Smarter infrastructure spending needed for growth - study

LONDON Thu Jan 17, 2013 6:22am IST

A woman labourer spreads black ash over a newly constructed road at Raipur village, in the western Indian state of Gujarat January 9, 2013. REUTERS/Amit Dave

A woman labourer spreads black ash over a newly constructed road at Raipur village, in the western Indian state of Gujarat January 9, 2013.

Credit: Reuters/Amit Dave

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LONDON (Reuters) - Countries could increase the productivity of infrastructure investment to make savings of 40 percent, or $1 trillion a year, by adopting proven best practices, McKinsey Global Institute (MGI) said on Thursday.

MGI estimated that the world needs to spend $57 trillion on infrastructure - the sinews of an economy - between now and 2030 simply to keep up with projected growth. That is nearly 60 percent more than the $36 trillion spent over the past 18 years.

Yet government budgets are tight and banks wary of lending, so wringing more out of each dollar of investment is imperative to sustain growth, jobs and development, MGI, the research arm of the consultancy McKinsey & Co, said in a report.

MGI estimated that extending the best practices it identified in 400 projects worldwide could lead to a 60 percent productivity improvement. In the United States, Japan and Germany, for example, construction workers have not increased their productivity in the past 20 years.

"Countries could deliver $48 trillion of infrastructure for only $30 trillion in investment and reinvest the savings," the report said.

Those savings would come from three main sources: selecting projects more systematically and delivering them more efficiently; making the most of existing airports, roads and ports; and managing demand by using tools such as road pricing and water metering.

"The practices that would yield this $1 trillion a year are already in place. We are not looking into the future to see what new technology might bring," Herbert Pohl, one of the report's authors, told Reuters.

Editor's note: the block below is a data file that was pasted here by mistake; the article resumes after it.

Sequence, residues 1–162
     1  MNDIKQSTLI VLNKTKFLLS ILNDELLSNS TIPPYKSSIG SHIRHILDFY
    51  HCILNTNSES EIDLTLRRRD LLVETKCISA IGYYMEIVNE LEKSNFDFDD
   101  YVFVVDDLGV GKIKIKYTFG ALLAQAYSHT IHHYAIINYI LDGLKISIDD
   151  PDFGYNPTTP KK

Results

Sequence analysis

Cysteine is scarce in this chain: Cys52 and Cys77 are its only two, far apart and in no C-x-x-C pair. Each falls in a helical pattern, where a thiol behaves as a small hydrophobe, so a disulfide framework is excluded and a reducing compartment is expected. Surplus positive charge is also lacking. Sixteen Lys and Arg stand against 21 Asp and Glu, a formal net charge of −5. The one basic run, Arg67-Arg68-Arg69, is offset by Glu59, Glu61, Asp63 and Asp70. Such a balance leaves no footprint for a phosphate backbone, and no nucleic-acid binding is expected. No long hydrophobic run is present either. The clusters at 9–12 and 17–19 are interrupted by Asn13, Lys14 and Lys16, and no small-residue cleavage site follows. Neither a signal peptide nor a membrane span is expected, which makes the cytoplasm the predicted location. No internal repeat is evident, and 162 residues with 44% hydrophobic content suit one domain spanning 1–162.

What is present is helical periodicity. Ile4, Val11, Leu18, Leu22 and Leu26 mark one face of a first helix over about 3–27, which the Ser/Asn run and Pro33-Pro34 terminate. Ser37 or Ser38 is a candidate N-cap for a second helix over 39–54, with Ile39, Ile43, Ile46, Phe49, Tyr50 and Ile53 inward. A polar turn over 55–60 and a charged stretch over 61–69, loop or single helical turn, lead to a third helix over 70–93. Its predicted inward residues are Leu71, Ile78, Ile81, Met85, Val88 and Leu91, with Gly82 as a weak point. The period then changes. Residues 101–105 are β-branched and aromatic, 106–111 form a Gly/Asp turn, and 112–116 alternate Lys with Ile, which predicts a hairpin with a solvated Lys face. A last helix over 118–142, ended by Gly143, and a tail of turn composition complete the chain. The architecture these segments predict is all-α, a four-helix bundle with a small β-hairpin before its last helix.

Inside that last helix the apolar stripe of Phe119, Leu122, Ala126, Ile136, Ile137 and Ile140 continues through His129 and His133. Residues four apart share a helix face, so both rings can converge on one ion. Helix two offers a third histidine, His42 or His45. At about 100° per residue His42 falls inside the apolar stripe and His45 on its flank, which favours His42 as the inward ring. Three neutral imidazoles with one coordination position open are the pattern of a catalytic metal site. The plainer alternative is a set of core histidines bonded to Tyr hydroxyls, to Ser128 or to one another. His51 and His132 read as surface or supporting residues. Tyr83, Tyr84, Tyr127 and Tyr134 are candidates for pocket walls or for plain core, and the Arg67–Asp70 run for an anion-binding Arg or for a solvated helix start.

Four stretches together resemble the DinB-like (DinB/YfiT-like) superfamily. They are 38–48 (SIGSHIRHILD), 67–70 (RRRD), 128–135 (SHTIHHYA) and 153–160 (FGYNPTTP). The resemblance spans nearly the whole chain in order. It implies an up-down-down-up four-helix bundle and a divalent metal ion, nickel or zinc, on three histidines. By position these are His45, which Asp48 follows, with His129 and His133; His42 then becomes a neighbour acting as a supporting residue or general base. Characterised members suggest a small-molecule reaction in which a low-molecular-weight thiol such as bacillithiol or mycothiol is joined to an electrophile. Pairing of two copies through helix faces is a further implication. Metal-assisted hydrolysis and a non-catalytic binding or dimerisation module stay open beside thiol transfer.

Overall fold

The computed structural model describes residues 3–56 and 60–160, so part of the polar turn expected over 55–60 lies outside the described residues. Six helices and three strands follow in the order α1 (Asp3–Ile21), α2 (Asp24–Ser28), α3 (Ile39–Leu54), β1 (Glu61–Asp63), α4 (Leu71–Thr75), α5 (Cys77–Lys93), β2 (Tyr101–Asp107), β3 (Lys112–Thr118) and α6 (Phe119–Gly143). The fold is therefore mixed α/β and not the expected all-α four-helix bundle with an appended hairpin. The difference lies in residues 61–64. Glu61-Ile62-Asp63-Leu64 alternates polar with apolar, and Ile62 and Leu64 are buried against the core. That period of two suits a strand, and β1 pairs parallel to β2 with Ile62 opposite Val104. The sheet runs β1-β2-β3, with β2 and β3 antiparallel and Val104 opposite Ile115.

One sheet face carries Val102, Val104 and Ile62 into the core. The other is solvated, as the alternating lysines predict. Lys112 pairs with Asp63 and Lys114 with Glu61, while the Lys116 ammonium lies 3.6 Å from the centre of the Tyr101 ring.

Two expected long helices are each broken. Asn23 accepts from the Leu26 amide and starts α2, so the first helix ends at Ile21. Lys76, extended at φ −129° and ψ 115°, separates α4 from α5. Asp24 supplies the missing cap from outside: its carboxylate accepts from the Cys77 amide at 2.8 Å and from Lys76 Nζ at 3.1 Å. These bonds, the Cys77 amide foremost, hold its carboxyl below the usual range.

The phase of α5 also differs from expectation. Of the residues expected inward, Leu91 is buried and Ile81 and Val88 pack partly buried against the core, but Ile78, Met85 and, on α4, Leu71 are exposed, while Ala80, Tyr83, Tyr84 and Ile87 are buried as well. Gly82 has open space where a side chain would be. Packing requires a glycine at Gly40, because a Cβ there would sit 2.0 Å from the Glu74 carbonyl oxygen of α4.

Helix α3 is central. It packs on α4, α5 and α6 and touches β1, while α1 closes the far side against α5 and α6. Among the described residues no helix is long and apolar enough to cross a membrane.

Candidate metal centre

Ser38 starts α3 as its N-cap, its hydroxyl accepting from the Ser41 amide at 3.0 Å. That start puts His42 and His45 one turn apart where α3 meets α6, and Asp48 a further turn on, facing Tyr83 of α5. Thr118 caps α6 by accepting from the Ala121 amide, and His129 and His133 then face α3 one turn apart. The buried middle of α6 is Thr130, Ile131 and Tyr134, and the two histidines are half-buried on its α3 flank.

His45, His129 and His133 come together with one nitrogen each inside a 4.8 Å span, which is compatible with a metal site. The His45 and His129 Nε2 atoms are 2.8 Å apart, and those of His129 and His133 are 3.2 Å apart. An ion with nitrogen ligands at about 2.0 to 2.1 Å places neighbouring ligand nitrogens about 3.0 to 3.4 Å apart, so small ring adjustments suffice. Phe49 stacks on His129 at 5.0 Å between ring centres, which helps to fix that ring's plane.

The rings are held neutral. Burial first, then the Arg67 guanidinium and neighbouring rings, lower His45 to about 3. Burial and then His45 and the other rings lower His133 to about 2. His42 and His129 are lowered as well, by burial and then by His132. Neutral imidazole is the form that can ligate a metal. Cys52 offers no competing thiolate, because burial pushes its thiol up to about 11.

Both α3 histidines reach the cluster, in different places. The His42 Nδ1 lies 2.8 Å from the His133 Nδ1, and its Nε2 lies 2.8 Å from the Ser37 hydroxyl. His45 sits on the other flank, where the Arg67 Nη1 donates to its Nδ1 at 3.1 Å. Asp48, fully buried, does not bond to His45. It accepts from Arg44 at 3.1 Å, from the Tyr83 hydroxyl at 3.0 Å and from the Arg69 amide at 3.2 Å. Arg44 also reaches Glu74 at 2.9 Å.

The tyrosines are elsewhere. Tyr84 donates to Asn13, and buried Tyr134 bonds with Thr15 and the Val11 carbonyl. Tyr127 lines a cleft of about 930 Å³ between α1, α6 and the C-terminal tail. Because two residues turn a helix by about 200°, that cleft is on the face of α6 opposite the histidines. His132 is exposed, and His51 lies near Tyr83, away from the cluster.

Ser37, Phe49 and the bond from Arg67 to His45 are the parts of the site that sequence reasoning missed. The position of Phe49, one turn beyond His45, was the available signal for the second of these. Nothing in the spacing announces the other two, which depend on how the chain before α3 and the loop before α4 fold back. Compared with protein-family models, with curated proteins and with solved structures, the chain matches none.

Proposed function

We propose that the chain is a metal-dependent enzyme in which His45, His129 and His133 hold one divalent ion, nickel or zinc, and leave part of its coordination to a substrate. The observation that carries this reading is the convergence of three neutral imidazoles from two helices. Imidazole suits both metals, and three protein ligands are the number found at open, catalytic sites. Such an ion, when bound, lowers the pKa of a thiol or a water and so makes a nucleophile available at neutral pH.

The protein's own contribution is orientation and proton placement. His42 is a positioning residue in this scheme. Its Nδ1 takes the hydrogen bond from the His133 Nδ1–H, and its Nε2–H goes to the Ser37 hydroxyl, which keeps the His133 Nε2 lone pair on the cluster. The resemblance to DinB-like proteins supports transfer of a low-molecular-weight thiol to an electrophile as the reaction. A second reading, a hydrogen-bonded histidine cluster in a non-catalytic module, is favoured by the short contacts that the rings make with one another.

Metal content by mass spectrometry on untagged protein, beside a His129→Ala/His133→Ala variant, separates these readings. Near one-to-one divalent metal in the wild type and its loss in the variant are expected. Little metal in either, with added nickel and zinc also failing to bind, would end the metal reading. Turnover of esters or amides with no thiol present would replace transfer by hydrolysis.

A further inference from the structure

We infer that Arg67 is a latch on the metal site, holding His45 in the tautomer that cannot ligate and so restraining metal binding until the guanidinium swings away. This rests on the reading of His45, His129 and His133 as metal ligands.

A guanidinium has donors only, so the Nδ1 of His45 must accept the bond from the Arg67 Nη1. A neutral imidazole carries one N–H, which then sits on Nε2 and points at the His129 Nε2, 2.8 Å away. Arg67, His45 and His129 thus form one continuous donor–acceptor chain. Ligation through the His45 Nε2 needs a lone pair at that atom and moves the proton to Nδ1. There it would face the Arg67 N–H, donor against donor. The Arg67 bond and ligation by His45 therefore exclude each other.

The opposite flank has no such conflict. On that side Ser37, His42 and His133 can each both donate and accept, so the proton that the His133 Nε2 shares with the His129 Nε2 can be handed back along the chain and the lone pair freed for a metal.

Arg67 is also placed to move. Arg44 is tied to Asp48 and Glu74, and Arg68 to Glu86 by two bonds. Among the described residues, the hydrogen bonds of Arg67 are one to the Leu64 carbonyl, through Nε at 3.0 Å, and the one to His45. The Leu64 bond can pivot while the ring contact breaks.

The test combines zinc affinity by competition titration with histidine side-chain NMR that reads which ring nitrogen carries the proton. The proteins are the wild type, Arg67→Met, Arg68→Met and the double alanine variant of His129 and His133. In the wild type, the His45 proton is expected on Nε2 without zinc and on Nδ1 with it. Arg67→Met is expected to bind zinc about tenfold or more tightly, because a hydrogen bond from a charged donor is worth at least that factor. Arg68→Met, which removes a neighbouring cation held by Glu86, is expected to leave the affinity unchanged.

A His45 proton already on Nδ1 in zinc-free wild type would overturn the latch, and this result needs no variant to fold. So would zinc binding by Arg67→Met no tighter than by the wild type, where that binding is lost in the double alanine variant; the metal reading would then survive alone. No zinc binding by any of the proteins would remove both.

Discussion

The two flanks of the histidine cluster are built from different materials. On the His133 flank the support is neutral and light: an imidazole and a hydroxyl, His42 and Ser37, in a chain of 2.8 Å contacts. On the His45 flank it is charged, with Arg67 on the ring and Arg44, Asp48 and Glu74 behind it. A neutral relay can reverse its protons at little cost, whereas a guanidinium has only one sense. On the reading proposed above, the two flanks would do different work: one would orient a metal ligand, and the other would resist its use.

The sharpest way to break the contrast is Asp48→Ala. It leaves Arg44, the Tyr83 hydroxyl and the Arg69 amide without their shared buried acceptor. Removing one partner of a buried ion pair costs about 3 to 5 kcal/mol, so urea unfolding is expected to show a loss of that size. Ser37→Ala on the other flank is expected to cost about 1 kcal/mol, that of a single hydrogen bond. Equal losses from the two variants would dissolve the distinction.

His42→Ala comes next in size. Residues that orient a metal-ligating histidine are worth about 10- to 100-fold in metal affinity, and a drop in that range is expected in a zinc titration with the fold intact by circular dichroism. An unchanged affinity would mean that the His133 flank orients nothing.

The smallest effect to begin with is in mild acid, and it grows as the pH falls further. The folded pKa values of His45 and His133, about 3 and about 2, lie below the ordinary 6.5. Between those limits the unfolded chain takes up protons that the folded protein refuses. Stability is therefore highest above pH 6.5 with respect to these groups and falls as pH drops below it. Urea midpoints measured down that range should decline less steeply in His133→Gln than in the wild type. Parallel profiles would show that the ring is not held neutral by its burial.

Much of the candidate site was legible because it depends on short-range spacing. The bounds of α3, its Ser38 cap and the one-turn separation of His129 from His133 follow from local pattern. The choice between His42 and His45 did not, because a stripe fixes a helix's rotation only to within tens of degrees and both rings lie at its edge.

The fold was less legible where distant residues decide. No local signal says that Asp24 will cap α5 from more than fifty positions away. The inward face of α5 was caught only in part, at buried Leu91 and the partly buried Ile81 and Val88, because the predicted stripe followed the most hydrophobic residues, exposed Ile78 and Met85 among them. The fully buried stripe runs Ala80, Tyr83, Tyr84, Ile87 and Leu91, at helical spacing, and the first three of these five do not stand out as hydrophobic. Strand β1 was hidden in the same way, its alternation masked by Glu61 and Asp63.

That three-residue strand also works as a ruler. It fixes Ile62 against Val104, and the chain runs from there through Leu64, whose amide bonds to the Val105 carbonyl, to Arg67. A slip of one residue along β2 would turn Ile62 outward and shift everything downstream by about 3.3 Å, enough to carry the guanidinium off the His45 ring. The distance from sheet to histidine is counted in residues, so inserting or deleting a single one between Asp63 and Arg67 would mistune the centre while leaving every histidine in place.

MGI cited South Korea, Ontario and Singapore as having model infrastructure organisations that others can emulate, while Switzerland shows how to develop a joined-up national strategy.

It commended Seoul and Stockholm for the integrated approach they took to easing clogged traffic and said Denmark had reduced its road maintenance bills by 20 percent.

JAPANESE SPENDING

By contrast, road congestion costs the United States an estimated $101 billion a year in time and fuel. Trucks entering the United States from Mexico still have to wait for up to two hours at the border.

Atlanta airport, the world's busiest, recently added an international terminal that has no direct links to existing public transport, MGI said.

"Until sound infrastructure systems are in place, countries will continue to fund the wrong projects, place priorities in the wrong areas, and fail to meet the needs of their people," the report said.

MGI said it recognised that governments and businesses face tough budget choices and that infrastructure, albeit important, is just one item of spending among others.

Indeed, one of the main thrusts of the report is that existing roads and railways can be operated much more efficiently, often obviating the need for new building.

Chile, South Korea and Britain have shown potential capital spending savings of 15 to 20 percent by reordering priorities and picking more cost-effective alternatives.

Without a more systematic approach, there will continue to be waste that has been exemplified by excess power generation capacity across Spain and redundant bridges in Japan, MGI said.

Richard Dobbs, another of the report's authors, said Japan on most measures had already ploughed too much in infrastructure.

As such, it was questionable whether spending 5.2 trillion yen in fast-acting public works projects, as proposed by new Prime Minister Shinzo Abe, was the right tool to galvanise the economy.

"At what point does overinvestment in infrastructure, given the government's debt level, become problematic?" Dobbs asked. (Reporting by Alan Wheatley)

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